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Friday, March 13, 2015

More on the negative impact of Electronic Health Records

I appreciate Dr. Tenpenny's words on the behalf of health.  I have held this out for years as well and have been encouraging people to get a clear understanding of this issue.  

by Dr Sherri Tenpenny, DO, AOBNMM, ABIHM

In 2011, the Centers for Medicare & Medicaid Services (CMS) began a program to entice doctors and hospitals to incorporate the use of Electronic Health Records (EHR). The carrot? The promise of convenience, coordinated care, fewer medical errors, more efficient office visits, faster billing, improved access to medical records. Oh yeah, and they were told, “If you want to get paid, you must convert and bill electronically.”

The EHR programs were costly. The set up and implementation fees, which could be $30,000 or more, were required foreach physician in a practice. Therefore, the government offered two incentive programs to encourage participation. The Medicare EHR Incentive Program offered to pay up to $44,000 over 5 years to cover the cost to implement a specific type of EHR, one that was certified to store and easily transfer structured data. The Medicaid EHR Incentive Program, offered to pay up to $63,750 over six years. In exchange, providers had to prove they were using the EHRs in a “meaningful way,” now simply referred to as “meaningful use”, or MU.

To date, more than 400,000 providers have adopted EHRs and are “meaningfully using” them. The sheer cost of the mandate, even with the incentives, forced many doctors to leave private practice and become hospital employees.  They are now told how to practice medicine by administrators, insurance companies and the government. Once part of the system, doctors were forced to comply with EHR use and follow the MU criteria.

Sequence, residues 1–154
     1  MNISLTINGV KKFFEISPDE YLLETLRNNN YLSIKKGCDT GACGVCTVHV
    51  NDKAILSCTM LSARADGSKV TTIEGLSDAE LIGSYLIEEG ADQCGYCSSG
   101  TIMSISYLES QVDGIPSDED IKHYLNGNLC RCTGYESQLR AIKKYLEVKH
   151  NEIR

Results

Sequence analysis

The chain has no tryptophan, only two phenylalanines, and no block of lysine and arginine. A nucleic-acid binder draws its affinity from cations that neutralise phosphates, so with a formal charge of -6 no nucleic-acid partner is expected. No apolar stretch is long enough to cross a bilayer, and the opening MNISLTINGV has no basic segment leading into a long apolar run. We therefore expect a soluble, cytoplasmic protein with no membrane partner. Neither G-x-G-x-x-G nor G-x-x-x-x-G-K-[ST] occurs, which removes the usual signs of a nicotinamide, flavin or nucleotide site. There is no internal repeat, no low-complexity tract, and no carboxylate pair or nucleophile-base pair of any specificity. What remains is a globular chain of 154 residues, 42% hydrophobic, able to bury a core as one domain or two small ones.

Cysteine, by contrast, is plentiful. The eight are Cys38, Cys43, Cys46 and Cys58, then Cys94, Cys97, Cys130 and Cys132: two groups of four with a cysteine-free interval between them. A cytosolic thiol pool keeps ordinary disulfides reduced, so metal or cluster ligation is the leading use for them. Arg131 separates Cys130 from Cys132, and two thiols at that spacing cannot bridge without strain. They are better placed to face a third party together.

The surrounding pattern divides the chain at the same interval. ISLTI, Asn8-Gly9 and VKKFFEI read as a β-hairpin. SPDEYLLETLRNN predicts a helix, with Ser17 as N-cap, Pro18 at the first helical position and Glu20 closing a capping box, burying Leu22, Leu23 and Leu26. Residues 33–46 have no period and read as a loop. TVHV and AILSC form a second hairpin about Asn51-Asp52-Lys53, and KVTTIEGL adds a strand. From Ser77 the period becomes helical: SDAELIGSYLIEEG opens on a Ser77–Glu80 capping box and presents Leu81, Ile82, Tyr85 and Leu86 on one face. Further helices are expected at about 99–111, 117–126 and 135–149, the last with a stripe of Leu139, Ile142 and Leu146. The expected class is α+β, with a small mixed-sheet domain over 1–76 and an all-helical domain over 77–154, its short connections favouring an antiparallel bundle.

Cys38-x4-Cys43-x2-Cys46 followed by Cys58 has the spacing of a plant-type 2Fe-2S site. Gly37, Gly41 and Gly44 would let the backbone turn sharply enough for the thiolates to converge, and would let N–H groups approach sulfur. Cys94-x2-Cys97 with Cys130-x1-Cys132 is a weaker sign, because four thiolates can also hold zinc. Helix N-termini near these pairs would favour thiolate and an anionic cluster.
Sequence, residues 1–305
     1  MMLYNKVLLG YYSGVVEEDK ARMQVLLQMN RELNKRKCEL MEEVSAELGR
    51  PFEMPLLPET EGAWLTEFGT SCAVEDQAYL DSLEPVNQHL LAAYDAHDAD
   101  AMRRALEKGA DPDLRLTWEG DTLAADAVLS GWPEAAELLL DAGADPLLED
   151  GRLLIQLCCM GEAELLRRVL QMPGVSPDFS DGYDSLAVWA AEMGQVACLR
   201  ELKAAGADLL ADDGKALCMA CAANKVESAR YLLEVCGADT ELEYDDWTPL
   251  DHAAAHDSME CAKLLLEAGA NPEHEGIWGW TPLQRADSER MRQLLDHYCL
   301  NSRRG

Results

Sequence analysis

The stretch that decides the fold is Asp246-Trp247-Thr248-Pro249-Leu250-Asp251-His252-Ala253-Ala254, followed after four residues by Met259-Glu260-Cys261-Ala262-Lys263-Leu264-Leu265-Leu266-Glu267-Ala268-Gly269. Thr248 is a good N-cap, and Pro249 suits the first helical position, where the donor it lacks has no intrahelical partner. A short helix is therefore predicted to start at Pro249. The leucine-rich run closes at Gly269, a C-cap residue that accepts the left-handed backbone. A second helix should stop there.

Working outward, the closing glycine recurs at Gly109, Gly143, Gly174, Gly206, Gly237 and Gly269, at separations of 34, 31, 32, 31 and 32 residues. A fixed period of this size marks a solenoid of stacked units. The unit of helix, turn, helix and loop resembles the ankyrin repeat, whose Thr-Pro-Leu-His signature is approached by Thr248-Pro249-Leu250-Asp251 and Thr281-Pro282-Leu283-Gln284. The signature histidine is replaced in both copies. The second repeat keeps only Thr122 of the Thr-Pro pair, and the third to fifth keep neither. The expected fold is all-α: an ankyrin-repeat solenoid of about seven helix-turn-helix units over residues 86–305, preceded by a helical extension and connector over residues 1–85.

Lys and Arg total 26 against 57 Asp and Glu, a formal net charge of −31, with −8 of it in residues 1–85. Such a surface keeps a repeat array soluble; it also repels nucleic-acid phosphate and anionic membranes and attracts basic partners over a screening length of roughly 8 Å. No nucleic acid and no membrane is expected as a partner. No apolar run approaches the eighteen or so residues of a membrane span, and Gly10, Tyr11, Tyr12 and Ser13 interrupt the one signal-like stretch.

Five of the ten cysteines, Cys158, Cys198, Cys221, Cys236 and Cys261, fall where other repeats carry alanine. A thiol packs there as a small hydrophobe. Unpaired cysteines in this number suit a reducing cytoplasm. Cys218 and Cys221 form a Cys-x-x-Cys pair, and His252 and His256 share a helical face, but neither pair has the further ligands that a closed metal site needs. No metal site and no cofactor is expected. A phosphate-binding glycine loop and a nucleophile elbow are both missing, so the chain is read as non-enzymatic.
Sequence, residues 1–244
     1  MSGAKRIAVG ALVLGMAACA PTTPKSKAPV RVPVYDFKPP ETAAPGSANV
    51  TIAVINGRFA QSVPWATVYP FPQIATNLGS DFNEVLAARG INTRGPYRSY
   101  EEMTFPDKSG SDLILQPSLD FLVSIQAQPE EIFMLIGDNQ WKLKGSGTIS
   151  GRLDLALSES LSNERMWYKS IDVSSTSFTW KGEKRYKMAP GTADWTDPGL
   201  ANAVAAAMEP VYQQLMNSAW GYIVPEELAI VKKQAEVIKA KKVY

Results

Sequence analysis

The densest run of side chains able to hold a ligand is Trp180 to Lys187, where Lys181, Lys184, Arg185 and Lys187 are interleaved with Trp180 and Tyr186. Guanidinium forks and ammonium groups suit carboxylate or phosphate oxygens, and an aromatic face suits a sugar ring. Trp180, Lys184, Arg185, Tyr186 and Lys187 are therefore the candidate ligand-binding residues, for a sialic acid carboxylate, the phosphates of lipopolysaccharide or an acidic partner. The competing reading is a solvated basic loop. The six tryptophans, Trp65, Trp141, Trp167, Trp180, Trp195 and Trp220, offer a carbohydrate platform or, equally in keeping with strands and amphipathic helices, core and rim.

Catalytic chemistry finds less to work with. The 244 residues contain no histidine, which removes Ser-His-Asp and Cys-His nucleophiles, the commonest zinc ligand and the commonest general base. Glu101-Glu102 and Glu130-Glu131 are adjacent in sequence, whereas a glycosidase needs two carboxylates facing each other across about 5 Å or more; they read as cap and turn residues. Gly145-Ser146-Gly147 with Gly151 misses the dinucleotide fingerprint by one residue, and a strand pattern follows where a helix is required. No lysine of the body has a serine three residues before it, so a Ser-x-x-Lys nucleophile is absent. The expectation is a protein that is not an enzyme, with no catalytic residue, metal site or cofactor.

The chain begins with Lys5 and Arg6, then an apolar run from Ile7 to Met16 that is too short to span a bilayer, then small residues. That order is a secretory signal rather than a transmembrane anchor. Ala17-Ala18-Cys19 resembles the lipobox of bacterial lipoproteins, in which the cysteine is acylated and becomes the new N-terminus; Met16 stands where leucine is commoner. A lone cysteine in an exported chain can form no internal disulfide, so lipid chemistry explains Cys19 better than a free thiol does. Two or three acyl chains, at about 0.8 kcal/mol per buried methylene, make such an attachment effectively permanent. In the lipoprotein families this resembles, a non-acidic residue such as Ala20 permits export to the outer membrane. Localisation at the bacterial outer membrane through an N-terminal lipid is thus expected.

The CMS incentive programs came with a stipulation: data must be reported back to CMS. In 2014, providers had to meet the Stage 1 requirements, which included documenting 18 objectives, 13 were required and 5 were could be selected from a menu of 9 criteria. Beginning in 2015, the number of core objectives increased to 20 and physicians are now required to report 9 out of 64 total clinical quality measures (CQMs).  Here is a sort list of CQMs reported to the government:
  • Childhood Obesity
  • Coronary Artery Disease
  • Diabetes
  • Heart Failure
  • Ischemic Vascular Disease
  • Smoking Cessation
  • Vaccination Status
  • Asthma
  • Adult Obesity
  • Hypertension
  • Breast Cancer
One of the Stage 2 meaningful use core objectives is that hospitals and providers must electronically send your immunization data to a public health registry or to the immunization information system (data banks). In other words, if the state’s system can accept vaccine records, the data must be sent.
So, what happens if doctors and hospitals do not comply with these reporting requirements? Beginning in 2015, and each subsequent year, Medicare and Medicaid will decrease reimbursement by 1% per year, up to a maximum of 5% per year.

The EHR has turned out to be very different than advertised. Big Government, Big Data and Big Health Insurance promised convenience, efficiency and coordinated care. What are they instead? A Big Fat Lie. The truth is, these systems were created to spy on billing, collect data on patients and put government in control of doctors. They have nothing to do with improving patient care.

Your doctors may not have known how bad the government-mandated EHRs were going to be when they enrolled in 2011,  but certainly they know how bad they are now.

Is it any wonder that, according to projections by the Association of American Medical Colleges, the nation anticipates a shortage more than 90,000 physicians by 2020 and 130,000 physicians by 2025? In a recent survey 1,527 physicians, 61 percent would not encourage a career in the medical field due to the impact of decreasing reimbursements, billing and collection hassles lifestyle choices. (And I would add, doctors are leaving due to fear of government retribution and the loss of the doctor-patient relationship.)

I actually saw this coming. 

In 2002, Tenpenny Integrative Medical Center made the hard decision to opt-out of Medicare and Medicaid participation. A clerical error could trigger a medicare audit, and the penalties for innocent mistakes could be staggering – $10,000 per infraction and up to 10 years in jail. And I knew that, eventually, the government would use EHRs to collect every possible statistic on every single person.
That’s why we still use paper records.  We protect your privacy… and we do not administer vaccines.

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